Learning Classics is a bit like putting on a magic pair of 3-D glasses. Once you start delving into the language and the culture, you'll start to see it all around you. This blog is a record of the club's journey through the worlds and language of ancient Rome and Greece... and through modern times, too, searching for the influence of classics all around us. You'll also be able to find vocab, home tasks, links and generally enlightening info here, too.

07 May 2016

Lesson 20 - an imperfect world

used to walk the dog ever day
Today, after recapping the third declension, we tackled a new tense. The imperfect tense is used to describe past actions that are in some way unfinished or ongoing: so the ending on a Latin verb not only tells us who's doing it, but also when the action happened. We did a few quick-fire matching exercises on the board, then we tackled a worksheet, matching imperfect verbs to their English translations, and then turning present tense verbs into the imperfect.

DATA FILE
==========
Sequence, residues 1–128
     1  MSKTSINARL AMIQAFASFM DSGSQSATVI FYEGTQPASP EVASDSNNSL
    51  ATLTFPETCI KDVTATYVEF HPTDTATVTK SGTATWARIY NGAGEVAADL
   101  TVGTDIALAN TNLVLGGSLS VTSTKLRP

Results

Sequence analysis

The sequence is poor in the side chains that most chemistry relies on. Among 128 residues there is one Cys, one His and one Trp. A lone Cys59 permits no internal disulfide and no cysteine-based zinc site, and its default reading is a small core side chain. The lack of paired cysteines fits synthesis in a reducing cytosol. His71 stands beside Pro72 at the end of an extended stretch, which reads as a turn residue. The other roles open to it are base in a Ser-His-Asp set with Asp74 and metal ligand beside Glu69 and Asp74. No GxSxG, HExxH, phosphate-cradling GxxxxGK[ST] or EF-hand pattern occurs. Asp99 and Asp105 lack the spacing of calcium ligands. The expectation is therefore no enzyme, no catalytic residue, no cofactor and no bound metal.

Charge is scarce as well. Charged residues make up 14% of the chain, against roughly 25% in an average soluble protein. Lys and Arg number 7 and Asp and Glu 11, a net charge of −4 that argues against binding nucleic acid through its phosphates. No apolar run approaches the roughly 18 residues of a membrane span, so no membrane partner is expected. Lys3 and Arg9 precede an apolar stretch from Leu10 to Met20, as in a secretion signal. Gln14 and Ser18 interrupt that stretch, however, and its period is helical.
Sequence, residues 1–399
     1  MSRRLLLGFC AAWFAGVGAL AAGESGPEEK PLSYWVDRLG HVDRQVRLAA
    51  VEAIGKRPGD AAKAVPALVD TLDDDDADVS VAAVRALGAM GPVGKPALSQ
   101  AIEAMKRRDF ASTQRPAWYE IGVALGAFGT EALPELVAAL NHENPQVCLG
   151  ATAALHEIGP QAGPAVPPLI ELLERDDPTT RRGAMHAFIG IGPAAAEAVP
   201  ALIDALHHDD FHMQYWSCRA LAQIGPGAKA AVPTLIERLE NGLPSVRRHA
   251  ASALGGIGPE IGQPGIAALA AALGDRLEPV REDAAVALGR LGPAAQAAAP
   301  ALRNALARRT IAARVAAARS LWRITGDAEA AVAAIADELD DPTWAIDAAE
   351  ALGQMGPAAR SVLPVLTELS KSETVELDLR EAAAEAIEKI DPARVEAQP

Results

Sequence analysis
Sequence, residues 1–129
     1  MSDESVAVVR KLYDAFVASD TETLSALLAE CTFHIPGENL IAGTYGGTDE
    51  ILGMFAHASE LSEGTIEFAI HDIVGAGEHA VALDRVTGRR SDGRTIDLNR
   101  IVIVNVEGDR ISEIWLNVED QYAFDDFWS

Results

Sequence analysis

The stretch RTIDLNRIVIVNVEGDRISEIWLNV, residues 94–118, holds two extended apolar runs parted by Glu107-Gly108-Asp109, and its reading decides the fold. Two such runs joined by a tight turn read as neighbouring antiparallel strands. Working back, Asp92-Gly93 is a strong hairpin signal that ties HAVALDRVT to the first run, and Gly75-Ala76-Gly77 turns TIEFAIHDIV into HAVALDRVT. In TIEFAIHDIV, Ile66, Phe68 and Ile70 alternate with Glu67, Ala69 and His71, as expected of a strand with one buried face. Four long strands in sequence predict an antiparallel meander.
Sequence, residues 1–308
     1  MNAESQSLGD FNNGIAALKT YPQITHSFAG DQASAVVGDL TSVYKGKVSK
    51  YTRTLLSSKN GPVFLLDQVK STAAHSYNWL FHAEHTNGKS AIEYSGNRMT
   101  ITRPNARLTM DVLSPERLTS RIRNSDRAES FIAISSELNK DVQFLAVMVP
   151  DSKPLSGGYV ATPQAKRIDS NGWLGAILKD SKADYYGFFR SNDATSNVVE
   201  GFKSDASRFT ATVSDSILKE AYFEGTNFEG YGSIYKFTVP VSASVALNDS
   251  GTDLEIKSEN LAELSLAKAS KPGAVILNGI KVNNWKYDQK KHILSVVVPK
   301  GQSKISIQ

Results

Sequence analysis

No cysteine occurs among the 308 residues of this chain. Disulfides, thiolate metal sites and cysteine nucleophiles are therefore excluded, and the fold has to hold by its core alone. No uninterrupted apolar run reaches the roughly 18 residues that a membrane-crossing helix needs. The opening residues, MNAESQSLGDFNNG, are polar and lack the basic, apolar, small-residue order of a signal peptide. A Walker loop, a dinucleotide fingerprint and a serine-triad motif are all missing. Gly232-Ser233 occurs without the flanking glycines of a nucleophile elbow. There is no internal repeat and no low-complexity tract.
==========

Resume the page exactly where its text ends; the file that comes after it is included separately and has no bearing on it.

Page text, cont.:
Democracy: not Plato's first choice
Next week we'll be exploring a different kind of imperfection: the human kind.
In the last couple of weeks, we've seen how Plato postulates that humans are more complicated than we may at first seem on the surface: the reasons why we do 'the right thing' are debatable, as we saw in the tale of Gyges. In The Republic, Plato goes on to consider methods of rule and which one is the best. Next week, we'll consider the five systems analysed by Plato, and debating on whether we agree with his (some say controversial) ranking of them. In the run-up to next week's lesson (which has changed to P2, AF04 for Week 2), get busy Googling and see if you can identify the methods of government that Plato subjects to scrutiny. In the meantime, have a look at the brilliant Ken Taylor below, and hear his modern take on Plato's opinions.